1.24 lakh students await allotment in northern districts

With 1.24 lakh students in the districts from Palakkad to Kasaragod alone not getting Plus One single-window allotment after the first allotment list came out, demand for sanctioning additional batches grew shriller.

After the first allotment was published on Tuesday, 2,20,127 students did not receive allotment across the State. Of them, 1,24,432 belong to six districts in the north of the State.

In Malappuram, where the number of applicants was 82,446, the highest in the State, less than half received allotment – 36,393. The total number of higher secondary seats in the district is 50,207. This means there are only 13,814 seats left for the 46,053 students who did not get allotment in the first allotment list in the main phase.

In Kozhikode, which had the second highest number of applicants at 48,156, as many as 24,173 students who did not get allotment have only 7,513 seats left for them to get allotment.

In Palakkad, only 4,740 seats remain for 22,537 students who did not get allotment in the first allotment list, while in Kannur 8,138 seats remain for 17,451 students yet to get allotment.

Of the total 64,117 seats in the State that are vacant after the first allotment, 40,009 are in these six districts. This means the 1,24,432 students who did not get allotment have only these 40,009 seats left for getting allotment when the second list is published on June 12.

In the southern districts, the gap between the number of applicants and available seats is narrower. For instance, in Thiruvananthapuram 3,590 seats are vacant after the first allotment for 11,813 students. In Pathanamithitta, 1707 seats remain for 5,594 students. In all, a total of 24,108 seats are available for 95,695 students in these districts.

Even as the students in the northern districts, particularly in Malappuram and Kozhikode, struggle to get higher secondary seats, there are many schools in southern districts where the number of students in a batch is less than 25.

As per government figures, there are 31 such batches in Pathanamthitta alone. Alappuzha has 18 such batches, and Ernakulam 19 batches. By the end of the 2023-24 Plus One admission, there were 129 batches with fewer than 25 students in government and aides schools.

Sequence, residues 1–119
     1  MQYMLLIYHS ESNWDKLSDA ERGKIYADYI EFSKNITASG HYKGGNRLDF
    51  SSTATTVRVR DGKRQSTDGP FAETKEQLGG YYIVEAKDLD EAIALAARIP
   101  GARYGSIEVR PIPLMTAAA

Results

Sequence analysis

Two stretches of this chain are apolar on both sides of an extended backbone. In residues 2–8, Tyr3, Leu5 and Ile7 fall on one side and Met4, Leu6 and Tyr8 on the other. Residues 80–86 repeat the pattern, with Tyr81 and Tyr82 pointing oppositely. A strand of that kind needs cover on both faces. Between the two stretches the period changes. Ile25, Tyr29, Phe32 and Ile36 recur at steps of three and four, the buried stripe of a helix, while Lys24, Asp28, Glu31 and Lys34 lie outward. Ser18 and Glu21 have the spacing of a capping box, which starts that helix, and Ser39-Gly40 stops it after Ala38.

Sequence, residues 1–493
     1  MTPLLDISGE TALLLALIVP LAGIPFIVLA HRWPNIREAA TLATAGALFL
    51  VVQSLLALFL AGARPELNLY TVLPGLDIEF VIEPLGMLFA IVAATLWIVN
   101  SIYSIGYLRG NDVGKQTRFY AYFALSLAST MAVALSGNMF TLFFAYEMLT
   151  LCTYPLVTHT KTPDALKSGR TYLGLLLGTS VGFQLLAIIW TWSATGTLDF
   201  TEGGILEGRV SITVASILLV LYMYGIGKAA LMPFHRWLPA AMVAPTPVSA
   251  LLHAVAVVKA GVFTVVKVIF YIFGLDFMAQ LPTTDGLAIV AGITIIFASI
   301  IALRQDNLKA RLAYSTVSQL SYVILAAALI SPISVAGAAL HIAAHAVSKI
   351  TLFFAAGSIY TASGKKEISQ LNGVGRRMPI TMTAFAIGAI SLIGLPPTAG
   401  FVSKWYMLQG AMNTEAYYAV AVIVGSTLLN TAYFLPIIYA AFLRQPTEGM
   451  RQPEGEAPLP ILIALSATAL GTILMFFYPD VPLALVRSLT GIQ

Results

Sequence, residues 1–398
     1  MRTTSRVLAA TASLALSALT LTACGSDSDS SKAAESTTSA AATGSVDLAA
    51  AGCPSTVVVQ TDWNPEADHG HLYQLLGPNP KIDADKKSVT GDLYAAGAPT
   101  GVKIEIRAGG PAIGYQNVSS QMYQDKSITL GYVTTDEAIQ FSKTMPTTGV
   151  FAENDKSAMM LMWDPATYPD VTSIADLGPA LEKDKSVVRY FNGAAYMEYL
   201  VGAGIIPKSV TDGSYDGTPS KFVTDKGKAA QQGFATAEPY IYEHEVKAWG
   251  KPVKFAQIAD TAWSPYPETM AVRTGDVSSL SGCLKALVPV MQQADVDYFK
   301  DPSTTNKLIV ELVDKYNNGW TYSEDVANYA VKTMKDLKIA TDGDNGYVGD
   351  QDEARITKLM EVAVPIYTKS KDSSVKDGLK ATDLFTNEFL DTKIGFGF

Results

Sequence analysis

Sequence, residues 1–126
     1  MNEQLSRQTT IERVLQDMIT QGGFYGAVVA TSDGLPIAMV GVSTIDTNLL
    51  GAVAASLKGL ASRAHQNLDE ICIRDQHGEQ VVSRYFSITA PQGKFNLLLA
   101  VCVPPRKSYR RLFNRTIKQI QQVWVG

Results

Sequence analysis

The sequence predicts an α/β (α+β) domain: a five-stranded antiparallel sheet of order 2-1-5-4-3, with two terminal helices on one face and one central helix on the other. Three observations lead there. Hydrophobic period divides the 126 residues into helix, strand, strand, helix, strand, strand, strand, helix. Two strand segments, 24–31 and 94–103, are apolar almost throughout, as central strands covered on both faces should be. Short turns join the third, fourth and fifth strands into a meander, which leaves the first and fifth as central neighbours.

As in the past, the government has sanctioned marginal increase to meet the shortfall of seats and decided to retain the batches temporarily sanctioned and shifted last year. However, this has clearly proved inadequate.

Moreover, the increase in class size to up to 65 students when marginal increase of 30% is sanctioned has also drawn flak. Such huge class sizes are detrimental to academic quality, say teachers’ organisations.

The failure to make public the recommendations of the V. Karthikeyan Nair committee set up by the General Education department to study higher secondary batch reorganisation has also come in for criticism.

“The panel report would have led to a permanent solution to the problem that crops up every year,” the Aided Higher Secondary Teachers’ Association said. Shifting batches from district where there are not enough students to the northern districts would help resolve the problem without putting additional financial burden on the government, it said.

The Higher Secondary School Teachers’ Association said the problem could be addressed by sanctioning new batches in government schools according to the number of students who passed the SSLC examinations in each panchayat, especially in Malappuram and Kozhikode districts.

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